One good example is Puerto Antioquia, a multipurpose port with an estimated investment of $672.4 million. Also, the Centro de Tratamiento e Investigación sobre el Cáncer (CTIC), an SPFTZ for health services operating in the north of Bogotá, and many other SPFTZ that are good examples of this development in the country in the Open Zone Map here.

Nevertheless, the second implication showcases that the tax rate increment would force the SPFTZ to change its business model or look for another regional destination to carry out its operations.

Third, the VAT exclusion for courier shipments to Colombia would be modified, maintaining the limit at USD 200 but clarifying that its application would depend on the origin of the imported product and the international commitments acquired by the country. This obliges companies engaged in postal traffic to strictly observe the origin of the goods and Colombia’s international commitments to avoid a mistaken application of the special treatment, meaning more bureaucracy and affecting the expected shipment timeline.

Fourth, free zone users engaged in the hydrocarbon and mineral industry will have to assume a new and higher tax on oil, coal, and gold exports. This would inevitably affect one of the biggest deals for Colombia, with the Dubai Multi Commodities Centre (DMCC) and UVentures, which signed an agreement to develop a free trade zone in Cartagena de Indias, Colombia. (12)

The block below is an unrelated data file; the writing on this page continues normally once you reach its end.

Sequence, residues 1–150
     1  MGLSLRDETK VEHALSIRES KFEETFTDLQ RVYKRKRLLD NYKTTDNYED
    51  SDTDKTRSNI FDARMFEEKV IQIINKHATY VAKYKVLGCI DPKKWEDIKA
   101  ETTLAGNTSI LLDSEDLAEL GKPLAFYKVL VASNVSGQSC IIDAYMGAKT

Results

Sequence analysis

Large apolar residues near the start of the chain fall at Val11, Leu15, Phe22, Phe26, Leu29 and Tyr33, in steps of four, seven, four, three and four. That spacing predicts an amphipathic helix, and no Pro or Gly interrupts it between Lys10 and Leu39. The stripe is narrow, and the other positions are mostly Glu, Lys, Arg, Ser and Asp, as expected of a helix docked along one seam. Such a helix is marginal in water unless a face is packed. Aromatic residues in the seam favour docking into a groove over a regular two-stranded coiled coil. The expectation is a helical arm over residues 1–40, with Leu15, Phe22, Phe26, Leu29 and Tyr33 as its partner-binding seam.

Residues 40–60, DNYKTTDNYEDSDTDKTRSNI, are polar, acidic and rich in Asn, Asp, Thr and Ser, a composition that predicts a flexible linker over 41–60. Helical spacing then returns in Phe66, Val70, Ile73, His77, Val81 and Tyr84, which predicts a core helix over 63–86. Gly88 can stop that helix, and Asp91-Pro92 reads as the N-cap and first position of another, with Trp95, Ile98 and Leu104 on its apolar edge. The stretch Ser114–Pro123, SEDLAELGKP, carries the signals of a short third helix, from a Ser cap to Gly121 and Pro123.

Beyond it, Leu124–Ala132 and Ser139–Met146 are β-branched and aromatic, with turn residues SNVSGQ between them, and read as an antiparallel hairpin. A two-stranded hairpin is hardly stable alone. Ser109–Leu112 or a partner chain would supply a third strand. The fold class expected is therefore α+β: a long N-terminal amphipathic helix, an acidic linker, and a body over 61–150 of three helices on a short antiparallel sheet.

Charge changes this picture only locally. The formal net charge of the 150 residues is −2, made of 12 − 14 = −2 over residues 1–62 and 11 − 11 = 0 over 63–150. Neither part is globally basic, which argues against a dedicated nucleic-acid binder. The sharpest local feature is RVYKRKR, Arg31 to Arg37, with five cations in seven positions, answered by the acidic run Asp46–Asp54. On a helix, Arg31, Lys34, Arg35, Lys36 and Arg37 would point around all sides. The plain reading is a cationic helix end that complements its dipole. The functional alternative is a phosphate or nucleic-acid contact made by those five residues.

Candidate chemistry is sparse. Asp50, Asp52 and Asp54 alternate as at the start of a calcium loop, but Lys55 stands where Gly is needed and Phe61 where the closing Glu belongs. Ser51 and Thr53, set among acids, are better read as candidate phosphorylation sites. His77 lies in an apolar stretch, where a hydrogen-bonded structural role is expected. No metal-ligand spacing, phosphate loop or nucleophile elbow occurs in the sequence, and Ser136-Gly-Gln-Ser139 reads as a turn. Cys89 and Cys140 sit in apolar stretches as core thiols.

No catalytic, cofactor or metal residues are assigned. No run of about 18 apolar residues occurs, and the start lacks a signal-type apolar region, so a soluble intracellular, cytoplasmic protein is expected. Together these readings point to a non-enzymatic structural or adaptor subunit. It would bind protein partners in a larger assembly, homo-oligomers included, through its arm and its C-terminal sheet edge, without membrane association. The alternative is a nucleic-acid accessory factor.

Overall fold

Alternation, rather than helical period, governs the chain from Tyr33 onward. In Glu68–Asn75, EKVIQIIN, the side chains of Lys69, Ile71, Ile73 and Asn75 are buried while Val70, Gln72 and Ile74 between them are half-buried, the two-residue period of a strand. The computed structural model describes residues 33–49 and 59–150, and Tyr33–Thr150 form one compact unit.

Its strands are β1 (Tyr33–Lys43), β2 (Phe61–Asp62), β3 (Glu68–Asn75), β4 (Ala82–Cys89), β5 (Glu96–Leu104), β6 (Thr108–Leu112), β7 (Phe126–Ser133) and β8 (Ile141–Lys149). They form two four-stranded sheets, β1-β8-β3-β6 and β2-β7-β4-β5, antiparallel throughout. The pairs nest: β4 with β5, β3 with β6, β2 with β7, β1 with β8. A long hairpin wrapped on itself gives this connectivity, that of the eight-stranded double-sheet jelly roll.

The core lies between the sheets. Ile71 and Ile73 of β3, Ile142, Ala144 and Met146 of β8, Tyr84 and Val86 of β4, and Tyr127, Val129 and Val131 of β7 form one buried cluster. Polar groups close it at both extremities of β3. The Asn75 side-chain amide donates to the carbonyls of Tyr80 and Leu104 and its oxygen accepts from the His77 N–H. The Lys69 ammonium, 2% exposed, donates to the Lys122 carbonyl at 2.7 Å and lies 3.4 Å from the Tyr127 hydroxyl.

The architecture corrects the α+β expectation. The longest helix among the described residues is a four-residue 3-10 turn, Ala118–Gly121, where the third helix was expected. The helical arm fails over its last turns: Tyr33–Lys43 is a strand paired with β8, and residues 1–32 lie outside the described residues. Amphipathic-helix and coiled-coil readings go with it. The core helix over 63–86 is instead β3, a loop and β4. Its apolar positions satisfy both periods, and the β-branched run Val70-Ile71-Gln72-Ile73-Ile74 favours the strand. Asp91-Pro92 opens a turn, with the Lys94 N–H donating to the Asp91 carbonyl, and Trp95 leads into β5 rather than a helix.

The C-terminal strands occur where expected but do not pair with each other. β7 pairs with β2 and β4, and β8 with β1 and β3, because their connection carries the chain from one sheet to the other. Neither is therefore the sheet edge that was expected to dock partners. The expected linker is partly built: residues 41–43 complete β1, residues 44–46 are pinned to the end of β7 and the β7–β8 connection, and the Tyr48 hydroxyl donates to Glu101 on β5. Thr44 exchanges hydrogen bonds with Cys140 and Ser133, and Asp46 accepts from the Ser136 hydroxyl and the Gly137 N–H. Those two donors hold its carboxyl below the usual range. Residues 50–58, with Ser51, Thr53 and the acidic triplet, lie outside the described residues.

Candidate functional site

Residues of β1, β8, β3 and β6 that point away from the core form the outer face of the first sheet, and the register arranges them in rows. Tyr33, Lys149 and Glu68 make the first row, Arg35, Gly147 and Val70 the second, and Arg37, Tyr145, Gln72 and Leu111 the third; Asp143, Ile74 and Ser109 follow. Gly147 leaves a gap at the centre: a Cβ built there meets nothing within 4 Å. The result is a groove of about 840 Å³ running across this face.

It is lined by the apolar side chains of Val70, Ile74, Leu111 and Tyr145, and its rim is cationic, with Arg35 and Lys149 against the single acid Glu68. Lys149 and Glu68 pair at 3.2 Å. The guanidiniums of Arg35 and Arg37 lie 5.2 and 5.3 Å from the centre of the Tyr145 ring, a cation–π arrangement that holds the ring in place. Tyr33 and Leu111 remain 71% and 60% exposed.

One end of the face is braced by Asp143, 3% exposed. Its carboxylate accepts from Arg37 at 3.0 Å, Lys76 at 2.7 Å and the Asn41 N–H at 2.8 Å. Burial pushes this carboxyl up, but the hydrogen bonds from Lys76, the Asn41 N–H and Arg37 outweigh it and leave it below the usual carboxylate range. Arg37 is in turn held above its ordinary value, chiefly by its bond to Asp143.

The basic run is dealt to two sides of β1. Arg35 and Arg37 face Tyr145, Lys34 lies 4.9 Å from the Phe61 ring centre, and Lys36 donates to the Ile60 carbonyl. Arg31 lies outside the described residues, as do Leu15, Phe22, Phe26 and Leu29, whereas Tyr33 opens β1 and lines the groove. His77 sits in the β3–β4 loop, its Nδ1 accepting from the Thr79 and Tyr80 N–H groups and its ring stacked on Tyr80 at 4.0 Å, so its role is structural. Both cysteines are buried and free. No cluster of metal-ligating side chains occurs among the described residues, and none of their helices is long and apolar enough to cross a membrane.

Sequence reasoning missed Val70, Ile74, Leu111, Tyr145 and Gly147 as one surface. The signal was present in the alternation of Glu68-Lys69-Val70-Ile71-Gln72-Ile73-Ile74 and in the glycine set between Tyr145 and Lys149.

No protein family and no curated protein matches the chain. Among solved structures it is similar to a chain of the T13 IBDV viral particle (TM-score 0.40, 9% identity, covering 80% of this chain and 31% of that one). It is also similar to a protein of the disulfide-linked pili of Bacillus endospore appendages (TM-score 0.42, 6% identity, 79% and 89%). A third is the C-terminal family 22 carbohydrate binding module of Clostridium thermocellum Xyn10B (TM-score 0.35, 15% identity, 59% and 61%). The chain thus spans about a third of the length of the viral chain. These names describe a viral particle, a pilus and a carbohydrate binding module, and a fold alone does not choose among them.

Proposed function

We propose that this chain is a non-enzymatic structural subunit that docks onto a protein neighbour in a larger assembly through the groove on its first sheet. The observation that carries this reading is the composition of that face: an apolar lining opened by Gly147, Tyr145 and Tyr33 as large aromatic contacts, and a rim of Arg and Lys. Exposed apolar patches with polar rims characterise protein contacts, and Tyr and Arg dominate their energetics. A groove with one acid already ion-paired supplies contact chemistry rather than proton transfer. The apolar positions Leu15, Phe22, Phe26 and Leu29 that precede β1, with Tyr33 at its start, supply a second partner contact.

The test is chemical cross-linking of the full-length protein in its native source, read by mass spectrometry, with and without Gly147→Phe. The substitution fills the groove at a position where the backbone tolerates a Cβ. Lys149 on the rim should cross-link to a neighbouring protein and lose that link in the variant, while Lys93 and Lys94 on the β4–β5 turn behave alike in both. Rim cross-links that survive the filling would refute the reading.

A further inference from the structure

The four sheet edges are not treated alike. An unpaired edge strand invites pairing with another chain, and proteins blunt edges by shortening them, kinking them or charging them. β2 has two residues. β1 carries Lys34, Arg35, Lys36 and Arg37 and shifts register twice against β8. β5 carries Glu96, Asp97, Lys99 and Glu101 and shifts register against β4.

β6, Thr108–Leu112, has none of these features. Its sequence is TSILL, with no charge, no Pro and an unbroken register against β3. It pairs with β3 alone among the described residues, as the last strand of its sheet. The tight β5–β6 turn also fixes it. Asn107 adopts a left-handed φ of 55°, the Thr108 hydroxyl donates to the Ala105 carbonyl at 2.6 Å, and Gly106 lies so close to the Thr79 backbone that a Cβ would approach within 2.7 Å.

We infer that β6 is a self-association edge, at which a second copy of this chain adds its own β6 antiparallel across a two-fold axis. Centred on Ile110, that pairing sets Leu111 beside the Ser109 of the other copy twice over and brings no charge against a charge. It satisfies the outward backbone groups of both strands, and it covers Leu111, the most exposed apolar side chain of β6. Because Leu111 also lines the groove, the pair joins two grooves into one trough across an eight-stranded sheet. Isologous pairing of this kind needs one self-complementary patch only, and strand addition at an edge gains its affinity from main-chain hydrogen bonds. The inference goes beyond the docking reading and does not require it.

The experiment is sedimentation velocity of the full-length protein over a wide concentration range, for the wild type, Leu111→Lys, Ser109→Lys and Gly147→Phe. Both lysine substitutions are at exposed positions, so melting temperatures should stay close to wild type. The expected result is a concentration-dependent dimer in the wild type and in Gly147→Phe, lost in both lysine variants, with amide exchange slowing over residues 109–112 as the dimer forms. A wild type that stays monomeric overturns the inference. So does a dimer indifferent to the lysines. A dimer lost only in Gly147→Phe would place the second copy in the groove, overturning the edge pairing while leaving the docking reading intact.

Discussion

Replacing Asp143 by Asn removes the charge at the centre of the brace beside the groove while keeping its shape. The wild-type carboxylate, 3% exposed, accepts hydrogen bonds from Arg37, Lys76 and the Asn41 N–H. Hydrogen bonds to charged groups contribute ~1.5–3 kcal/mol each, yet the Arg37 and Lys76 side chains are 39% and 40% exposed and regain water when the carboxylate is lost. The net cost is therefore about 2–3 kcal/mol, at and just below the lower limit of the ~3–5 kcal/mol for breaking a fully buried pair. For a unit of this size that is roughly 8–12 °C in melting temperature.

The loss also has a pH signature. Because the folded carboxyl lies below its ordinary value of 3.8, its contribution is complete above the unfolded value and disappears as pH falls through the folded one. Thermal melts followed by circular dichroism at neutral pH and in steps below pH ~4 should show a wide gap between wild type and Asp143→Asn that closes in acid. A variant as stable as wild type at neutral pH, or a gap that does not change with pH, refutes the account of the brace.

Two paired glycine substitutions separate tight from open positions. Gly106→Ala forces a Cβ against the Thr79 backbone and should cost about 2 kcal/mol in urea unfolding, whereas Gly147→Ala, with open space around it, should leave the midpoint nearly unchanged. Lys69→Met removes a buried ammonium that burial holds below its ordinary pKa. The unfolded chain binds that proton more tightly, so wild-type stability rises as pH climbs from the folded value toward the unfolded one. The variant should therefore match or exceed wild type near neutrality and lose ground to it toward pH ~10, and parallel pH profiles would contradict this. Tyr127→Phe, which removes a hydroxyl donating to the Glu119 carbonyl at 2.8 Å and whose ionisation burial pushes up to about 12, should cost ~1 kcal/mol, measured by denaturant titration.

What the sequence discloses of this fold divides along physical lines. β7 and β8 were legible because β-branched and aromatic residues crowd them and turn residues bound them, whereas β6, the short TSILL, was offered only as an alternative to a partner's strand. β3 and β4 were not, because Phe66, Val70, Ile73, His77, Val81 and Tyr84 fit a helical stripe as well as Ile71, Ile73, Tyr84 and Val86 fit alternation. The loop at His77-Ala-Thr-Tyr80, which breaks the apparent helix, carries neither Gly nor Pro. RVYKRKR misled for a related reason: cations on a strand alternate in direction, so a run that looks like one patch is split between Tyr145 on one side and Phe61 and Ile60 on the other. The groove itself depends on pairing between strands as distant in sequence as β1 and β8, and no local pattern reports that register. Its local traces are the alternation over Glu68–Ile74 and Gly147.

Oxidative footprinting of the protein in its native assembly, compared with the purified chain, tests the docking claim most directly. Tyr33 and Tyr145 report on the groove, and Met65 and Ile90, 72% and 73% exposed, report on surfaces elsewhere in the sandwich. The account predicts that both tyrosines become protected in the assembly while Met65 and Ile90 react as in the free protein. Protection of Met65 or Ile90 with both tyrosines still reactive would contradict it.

What do companies think about it?

José Antonio Ocampo, the National Association of Foreign Trade (Analdex) president, debated the proposal. He believes “the problem of the SPFTZ is more significant than the others. The free zones were initially created to export. Still, today 85% of what they export is produced in the domestic market, and this competes inequitably with the companies established in the national territory, which have to pay 35%”. (13)

On the other hand, Luz Stella Murgas, president of Naturgas, states that free zones are also a concern because “the investments made in offshore exploration and production are significant in comparison with the continental areas. So, the free zones were a mechanism that allowed boosting investment in these fields”. (13)



  1. Law 1004 of 2005
  2. Law 105 of 1958
  3. Free Trade Zone Regime
  4. Study of the legal, economic, and fiscal impact of free zones
  5. Decree 258 of March 15, 2021
  6. Modification of the free zones regime
  7. Benefits to Free Trade Zones – EXENNTA 
  8. Colombia has had 21 tax reforms between the ’90s and 2022.
  9. Colombia: Tax Reform Project 2022
  10.  Free Trade Zones in Colombia
  11.  What are the effects of the tax reform on the free zone model?
  12.  DMCC signs historic agreement with Dakia U-Ventures



Michelle Bernier is an attorney specializing in commercial and international law. She is Research Manager at Adrianople Group, a business intelligence firm in the United States focused on consulting for companies and Free Trade Zones, as well as market research and geopolitical analysis.